After I moved out (many moons ago) I started a tradition of making doughnuts every fall. It wasn’t ever always the same weekend, but somewhere between September and the end of November one Saturday would become homemade doughnut day. Now, as I mentioned, these doughnuts were fantastic with the recipe as written, however, the one problem was that it meant I had to have mashed potatoes on hand. I tried it once with the packaged mashed potatoes to hurry things up and that was a complete disaster. Still edible, let’s not be silly, but the richness wasn’t there and they were just…not as good. And while it’s not like making mashed potatoes is that big of a deal it was just kind of a pain. Then brilliance struck. I had half a can of leftover pumpkin from some pumpkin cookies and I decided to swap that into my doughnuts in place of the potatoes.
It was lovely. The pumpkin gave the same richness and moisture to the dough and a slight natural sweetness, but not anything overwhelming. It colored the dough a little, but once fried you really couldn’t tell the difference. So pumpkin doughnuts have become my go to now. I always add a few Tablespoons of E-Z Gel too as E-Z Gel helps supercharge the yeast, and helps the doughnuts hold for an extra day or two… making the huge assumption that there are any left that long.
Pumpkin Doughnuts with E-Z Gel
1/2 cup warm water (about 103 degrees or what you’d like in a nice warm bath)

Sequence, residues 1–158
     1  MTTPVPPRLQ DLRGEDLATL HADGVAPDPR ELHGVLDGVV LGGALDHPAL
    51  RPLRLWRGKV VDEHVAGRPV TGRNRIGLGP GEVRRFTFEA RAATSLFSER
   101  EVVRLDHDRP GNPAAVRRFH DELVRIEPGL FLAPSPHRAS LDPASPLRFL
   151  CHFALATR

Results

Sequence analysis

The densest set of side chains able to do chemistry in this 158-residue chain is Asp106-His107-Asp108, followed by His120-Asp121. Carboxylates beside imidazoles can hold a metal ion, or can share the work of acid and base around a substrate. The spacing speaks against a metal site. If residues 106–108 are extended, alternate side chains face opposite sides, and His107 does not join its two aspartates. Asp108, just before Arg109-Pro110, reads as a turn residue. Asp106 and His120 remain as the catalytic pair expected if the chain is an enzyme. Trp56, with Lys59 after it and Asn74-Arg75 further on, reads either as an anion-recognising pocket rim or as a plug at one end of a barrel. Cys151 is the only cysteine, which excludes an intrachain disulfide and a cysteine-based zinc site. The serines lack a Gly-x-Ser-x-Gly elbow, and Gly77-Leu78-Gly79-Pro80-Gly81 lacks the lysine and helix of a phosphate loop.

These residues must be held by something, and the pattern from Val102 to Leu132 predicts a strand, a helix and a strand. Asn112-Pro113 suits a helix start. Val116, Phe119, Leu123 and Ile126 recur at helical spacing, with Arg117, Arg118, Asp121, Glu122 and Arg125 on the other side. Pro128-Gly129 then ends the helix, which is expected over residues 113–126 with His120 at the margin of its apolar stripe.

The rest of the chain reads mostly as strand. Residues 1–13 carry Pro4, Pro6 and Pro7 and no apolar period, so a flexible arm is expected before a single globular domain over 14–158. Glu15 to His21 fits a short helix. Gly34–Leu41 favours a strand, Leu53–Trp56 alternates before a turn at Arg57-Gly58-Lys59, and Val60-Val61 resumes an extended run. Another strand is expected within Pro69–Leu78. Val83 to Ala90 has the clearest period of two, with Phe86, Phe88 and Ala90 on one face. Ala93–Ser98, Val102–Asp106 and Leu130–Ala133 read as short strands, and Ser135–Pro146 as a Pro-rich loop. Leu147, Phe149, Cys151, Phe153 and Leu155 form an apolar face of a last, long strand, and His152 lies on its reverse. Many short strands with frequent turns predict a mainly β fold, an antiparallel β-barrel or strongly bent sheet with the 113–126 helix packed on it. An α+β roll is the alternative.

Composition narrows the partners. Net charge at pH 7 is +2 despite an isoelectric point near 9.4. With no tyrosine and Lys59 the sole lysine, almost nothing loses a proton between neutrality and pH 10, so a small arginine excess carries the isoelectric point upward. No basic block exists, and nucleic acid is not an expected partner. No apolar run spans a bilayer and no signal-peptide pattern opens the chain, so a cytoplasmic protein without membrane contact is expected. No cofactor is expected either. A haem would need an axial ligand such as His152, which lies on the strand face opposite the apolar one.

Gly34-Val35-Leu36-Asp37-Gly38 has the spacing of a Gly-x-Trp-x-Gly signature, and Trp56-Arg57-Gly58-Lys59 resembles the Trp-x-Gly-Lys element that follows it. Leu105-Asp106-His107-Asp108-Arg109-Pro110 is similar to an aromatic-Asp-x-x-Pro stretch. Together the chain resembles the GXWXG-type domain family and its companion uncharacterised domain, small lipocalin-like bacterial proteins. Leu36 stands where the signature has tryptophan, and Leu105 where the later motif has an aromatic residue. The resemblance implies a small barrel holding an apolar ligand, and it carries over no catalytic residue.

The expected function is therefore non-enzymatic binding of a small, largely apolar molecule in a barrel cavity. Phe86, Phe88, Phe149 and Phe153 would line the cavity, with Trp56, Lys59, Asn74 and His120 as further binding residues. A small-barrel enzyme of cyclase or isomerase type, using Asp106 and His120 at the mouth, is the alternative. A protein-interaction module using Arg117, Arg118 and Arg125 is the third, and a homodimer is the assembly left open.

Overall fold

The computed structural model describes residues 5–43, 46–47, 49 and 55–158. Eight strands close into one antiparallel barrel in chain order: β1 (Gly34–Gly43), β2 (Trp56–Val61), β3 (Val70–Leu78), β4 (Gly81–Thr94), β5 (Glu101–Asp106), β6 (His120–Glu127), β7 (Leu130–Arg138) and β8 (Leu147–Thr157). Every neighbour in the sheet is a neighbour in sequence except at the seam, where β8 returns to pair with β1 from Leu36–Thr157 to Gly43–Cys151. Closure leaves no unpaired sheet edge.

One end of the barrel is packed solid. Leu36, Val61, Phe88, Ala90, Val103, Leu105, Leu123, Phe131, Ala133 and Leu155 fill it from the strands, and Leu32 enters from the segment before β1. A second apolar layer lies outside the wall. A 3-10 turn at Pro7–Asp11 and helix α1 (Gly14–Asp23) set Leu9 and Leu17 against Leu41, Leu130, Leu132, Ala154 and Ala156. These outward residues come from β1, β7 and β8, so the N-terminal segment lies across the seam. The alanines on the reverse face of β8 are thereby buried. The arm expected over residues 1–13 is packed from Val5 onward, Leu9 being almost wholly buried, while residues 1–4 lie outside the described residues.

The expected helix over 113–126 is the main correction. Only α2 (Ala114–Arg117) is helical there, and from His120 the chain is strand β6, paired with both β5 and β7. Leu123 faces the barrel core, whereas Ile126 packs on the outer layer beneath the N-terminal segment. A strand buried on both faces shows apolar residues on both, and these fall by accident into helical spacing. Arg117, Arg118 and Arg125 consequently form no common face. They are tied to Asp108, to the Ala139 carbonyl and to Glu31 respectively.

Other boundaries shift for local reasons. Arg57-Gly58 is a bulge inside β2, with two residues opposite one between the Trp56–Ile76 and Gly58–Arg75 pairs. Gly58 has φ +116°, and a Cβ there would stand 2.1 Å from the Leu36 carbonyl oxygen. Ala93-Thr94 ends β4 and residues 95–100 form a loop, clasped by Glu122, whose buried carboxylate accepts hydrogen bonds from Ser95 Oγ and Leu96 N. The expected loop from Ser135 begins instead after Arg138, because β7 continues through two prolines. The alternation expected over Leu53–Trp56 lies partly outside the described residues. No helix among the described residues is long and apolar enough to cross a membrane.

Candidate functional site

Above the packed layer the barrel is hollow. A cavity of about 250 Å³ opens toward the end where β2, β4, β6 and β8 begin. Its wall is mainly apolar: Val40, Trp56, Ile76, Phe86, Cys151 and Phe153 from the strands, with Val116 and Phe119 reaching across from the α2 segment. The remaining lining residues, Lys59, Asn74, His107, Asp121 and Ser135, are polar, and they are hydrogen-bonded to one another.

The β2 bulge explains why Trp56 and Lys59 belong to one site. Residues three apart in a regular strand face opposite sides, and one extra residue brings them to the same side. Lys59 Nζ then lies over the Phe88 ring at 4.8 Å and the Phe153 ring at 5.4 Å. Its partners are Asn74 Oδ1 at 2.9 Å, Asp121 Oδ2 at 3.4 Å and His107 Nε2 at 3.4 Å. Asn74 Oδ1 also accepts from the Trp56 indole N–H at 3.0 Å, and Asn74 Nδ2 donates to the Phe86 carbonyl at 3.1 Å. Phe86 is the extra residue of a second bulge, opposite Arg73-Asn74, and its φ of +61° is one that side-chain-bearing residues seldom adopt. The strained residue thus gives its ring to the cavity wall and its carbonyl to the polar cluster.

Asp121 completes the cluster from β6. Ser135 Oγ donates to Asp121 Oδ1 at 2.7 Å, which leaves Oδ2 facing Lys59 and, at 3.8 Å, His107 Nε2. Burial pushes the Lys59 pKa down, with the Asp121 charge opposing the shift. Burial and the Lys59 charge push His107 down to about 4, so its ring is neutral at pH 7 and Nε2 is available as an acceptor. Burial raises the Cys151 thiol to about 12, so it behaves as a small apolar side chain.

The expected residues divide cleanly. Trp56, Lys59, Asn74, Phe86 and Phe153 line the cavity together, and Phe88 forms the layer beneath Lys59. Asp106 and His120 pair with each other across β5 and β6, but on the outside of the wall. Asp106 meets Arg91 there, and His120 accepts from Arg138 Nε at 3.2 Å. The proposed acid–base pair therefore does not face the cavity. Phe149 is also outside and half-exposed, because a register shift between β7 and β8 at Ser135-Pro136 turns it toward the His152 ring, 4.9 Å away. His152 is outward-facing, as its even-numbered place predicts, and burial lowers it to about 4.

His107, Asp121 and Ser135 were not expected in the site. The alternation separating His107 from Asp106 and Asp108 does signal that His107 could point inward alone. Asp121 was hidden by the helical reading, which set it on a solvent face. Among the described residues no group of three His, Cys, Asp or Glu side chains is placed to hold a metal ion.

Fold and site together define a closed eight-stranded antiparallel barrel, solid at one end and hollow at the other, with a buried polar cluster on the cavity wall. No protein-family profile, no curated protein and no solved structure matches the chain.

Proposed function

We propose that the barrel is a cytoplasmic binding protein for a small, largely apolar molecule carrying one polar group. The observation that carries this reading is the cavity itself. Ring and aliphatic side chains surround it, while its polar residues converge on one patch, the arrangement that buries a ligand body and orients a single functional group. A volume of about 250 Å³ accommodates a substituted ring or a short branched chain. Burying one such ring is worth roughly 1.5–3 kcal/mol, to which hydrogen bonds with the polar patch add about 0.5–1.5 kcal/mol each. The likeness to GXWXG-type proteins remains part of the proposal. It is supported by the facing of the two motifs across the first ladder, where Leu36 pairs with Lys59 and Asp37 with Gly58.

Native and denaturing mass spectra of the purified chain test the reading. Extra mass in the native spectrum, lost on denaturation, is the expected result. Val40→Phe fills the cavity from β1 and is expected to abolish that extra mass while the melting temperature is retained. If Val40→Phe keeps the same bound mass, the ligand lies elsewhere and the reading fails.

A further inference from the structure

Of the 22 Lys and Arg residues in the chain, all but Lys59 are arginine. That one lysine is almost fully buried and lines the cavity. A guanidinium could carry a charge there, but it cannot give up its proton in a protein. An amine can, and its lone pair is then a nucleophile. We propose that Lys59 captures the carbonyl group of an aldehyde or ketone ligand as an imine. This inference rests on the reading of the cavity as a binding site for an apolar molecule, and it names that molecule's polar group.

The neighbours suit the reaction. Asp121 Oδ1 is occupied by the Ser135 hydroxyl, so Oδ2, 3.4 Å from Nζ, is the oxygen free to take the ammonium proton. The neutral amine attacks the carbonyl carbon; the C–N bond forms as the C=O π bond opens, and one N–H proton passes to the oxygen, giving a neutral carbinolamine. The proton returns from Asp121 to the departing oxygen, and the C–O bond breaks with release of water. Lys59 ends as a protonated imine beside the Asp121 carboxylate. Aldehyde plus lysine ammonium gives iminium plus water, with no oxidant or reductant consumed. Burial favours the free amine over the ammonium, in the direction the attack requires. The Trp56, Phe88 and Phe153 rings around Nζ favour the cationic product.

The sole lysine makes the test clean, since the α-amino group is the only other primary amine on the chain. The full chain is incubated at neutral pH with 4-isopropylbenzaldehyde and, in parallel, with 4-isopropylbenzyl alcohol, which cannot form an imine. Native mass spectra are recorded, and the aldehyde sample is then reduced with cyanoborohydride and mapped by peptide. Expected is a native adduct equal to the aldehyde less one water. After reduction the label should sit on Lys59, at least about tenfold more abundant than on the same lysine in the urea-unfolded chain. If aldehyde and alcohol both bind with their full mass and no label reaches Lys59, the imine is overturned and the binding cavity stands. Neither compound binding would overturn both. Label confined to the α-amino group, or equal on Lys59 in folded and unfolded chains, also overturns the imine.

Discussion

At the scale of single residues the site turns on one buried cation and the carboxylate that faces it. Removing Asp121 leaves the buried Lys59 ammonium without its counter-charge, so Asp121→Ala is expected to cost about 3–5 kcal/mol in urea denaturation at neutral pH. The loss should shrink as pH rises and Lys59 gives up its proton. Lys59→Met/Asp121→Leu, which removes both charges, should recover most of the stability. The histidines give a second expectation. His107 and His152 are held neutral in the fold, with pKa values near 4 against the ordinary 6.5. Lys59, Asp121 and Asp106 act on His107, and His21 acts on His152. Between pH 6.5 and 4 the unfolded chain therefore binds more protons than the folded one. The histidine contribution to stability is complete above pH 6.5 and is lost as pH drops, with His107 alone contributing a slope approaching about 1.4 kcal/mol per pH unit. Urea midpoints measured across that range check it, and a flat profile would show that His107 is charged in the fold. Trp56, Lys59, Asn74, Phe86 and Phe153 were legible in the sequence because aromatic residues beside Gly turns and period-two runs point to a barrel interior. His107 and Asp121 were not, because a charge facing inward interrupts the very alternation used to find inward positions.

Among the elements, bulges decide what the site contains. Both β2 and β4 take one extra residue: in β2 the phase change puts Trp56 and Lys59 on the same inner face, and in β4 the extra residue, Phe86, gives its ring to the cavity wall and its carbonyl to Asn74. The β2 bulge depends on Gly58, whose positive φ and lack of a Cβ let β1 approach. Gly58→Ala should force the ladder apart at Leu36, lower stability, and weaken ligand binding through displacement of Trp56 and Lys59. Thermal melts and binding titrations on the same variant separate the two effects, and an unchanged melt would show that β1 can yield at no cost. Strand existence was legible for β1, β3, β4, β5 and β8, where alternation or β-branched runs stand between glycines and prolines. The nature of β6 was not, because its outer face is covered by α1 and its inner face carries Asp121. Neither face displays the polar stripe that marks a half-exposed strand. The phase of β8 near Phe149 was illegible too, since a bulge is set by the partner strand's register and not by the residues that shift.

2 Tablespoons yeast
1/2 cup butter, softened
1/2 cup sugar
1 teaspoon salt
2 cups warm milk
1 teaspoon vanilla
1/2 teaspoon lemon extract – to taste
1 teaspoon pumpkin pie spice
1 cup pumpkin
3 Tablespoons E-Z Gel
3 eggs, beaten
5-6 cups of flour – I like a mixture of All purpose and bread flour
Combine warm water, yeast and 1/2 teaspoon E-Z Gel and set aside to proof.
Beat together butter, sugar and salt. Add warm milk, vanilla, extract, spice and pumpkin and mix until well combined. Sprinkle in E-Z Gel and beat well. Add eggs and mix. Add flour until a slightly sticky medium dough is achieved. Move dough to a greased bowl and let rise for 1 hour until double in size. Punch down and let rise a second time. Roll out on a clean counter using additional flour as necessary and punch out doughnut shapes. Let rise for 10 minutes before frying in 350 degree oil (peanut or canola works really well for this. If you control your temperature well you’ll get crispy exterior, chewy exterior and not much grease absorption). Fry in small batches and move to cooling racks set over trays. Paper towels can be put on the trays to wick away any additional oil. Dip into sugar or a light glaze and serve.